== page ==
There's no convenient time for your toilet to overflow, and it's understandable to want to fix a clogged or slow-running toilet as fast as you can to avoid a messy overflow. However, it's easy to make a mistake that could harm your toilet and your pipes in an attempt to fix the problem quickly. It's understandable that you would want to grab the nearest available clog remedy, and preferably one that seems simple to use, but it's important to remember that the toilet is a special case, and that things that work in your kitchen sink may not be such a good idea when used in a toilet. Take a look at a few common mistakes that homeowners make when trying to unclog a toilet.
Using Drain Cleaner
Caustic drain cleaners can quickly and efficiently dissolve clogs that block your kitchen sink, so it may make sense to try one of them out on a tough toilet clog. However, when you understand how these drain cleaners work, you'll understand why that's not such a good idea.
Drain cleaners are made up of caustic or oxidizing chemicals. When you pour these chemicals into a drain or toilet, a chemical reaction occurs that creates heat. While this is safe when used sparingly in your sink, the heat can damage your porcelain toilet. In fact, it can possibly crack it, causing you to need a replacement. What's more, there's no guarantee that the drain cleaner will even work. If the toilet bowl is full, it's very possible that the drain cleaner will just sit there in the water, damaging your toilet and making it dangerous for you or your plumber to attempt any other methods to clear the drain. The cleaner can burn if it splashes on you or if you attempt to put your hand in the toilet.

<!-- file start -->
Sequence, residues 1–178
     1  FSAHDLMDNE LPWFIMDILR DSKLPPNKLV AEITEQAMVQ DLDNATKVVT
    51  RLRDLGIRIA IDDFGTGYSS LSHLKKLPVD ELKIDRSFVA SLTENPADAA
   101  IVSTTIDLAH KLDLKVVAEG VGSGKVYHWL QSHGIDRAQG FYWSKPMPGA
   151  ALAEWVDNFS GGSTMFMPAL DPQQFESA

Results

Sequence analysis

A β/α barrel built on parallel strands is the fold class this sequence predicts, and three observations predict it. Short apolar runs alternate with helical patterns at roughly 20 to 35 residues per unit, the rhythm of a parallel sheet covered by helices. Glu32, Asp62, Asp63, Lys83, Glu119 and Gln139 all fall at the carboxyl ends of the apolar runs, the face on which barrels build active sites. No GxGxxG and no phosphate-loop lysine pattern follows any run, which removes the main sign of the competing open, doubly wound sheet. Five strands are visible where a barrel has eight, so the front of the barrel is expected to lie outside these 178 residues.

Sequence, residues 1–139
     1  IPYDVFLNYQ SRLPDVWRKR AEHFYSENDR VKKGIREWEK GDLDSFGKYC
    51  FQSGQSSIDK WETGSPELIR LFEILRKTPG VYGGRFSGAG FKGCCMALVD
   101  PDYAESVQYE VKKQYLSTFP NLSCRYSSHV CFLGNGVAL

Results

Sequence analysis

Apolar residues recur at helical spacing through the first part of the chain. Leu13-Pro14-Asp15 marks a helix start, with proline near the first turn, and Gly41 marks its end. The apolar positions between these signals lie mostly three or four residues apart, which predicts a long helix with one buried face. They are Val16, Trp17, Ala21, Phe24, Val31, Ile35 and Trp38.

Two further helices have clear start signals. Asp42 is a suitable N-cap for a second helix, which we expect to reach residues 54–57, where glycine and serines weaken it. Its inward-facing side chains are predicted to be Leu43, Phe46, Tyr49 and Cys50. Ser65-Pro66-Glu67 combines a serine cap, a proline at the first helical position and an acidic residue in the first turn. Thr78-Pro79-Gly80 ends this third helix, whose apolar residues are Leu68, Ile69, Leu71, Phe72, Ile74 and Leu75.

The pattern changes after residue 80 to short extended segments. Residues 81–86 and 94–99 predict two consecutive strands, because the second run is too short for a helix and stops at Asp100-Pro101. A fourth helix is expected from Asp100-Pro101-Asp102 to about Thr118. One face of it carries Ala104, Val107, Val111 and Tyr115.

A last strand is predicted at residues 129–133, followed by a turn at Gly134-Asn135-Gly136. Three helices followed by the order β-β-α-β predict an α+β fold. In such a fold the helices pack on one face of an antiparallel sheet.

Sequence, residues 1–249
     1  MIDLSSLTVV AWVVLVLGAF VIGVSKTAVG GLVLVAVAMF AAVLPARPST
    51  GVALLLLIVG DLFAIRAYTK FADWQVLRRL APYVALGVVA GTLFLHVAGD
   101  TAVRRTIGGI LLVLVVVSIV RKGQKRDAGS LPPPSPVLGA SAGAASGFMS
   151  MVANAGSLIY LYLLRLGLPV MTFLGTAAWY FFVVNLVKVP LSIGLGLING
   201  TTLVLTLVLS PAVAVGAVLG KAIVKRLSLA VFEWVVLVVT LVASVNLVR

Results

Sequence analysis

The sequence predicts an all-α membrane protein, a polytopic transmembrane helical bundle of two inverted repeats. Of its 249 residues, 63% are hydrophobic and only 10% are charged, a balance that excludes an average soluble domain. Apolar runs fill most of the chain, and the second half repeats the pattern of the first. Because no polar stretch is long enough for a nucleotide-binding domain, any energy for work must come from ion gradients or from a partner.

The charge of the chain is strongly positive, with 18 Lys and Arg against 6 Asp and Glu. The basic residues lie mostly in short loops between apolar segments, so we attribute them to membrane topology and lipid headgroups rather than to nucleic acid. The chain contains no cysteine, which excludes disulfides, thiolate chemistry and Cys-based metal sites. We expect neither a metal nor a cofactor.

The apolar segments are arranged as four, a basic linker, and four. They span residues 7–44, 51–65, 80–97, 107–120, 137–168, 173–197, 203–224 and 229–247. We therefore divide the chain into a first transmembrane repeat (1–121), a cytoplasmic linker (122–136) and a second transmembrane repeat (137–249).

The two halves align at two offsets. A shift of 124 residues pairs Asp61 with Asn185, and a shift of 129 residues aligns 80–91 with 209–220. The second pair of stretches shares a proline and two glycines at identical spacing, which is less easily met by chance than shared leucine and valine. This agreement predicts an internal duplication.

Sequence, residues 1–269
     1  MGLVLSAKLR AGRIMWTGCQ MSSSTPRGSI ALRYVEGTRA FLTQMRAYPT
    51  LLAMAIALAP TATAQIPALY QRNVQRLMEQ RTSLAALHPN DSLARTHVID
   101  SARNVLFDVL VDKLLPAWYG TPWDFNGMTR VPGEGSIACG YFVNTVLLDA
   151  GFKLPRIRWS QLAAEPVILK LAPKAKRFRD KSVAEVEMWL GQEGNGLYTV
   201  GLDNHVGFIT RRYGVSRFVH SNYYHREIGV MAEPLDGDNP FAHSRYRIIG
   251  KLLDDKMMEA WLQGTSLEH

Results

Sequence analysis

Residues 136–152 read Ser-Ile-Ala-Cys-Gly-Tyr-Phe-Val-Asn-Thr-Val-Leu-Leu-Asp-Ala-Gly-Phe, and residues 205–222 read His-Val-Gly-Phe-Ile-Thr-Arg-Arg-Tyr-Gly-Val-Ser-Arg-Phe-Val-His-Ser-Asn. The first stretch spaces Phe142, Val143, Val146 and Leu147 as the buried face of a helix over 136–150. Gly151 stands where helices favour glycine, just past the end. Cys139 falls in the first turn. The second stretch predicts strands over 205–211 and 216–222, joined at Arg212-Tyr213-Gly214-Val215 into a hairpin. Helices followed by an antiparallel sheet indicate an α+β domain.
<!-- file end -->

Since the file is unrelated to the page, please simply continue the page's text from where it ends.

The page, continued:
Using a Plumber's Snake
If drain cleaner is out of the question, your next thought might be to try a drain auger. This is the coiled wire tool that is often referred to as a plumber's snake. Drain augers can effectively and safely clear out clogs – if, that is, you know which one that you need and what to do with them.
There are several different kinds of drain snakes, from mini-rooters to large drain snakes. Some are operated manually, others are motorized. It's easy to choose the wrong auger for the job. If you choose the wrong auger, or just use it incorrectly, you can damage your toilet. You may leave scratches on the toilet, which doesn't sound so bad if you're not worried about aesthetics, but those scratches can lead to rust, which can ruin the toilet. You're also at risk of damaging your pipes. The auger can scratch the inside of the pipe and lead to cracks or breakage.
Finally, using the wrong auger or using an auger incorrectly can lead to injury. The motorized augers have the most potential for danger, but the coiled wire in any auger holds energy under pressure, and the tool can recoil on you and cause you to lose control. While augers can certainly be used to clear an intractable clog, it's best to leave their use to an experienced plumber.
What to Do Instead
Your best bet, if you want to fix the clog yourself, is to rely on your trusty plunger. Just make sure that you have the right plunger for the job. A toilet plunger should be bell-shaped, whereas the flat plungers should only be used for showers and sinks. The bell shape is what you need to create strong enough suction to move the clog.
You can also try adding some heated water and dishwashing liquid to the toilet bowl before you plunge. The heat from the water and the chemicals from the soap can help melt and dissolve the clog, making your plunging job a little easier.
If plunging the toilet doesn't work, your next step should be to call a licensed plumber in your area to help you. A severely clogged toilet could be a sign of larger problem, like a damaged pipe, so if you can't clear the clog using the safest home remedy, you need a plumber not only to get your toilet running again, but also to give you more information on the nature of the clog and to rule out the possibility of a deeper problem.Share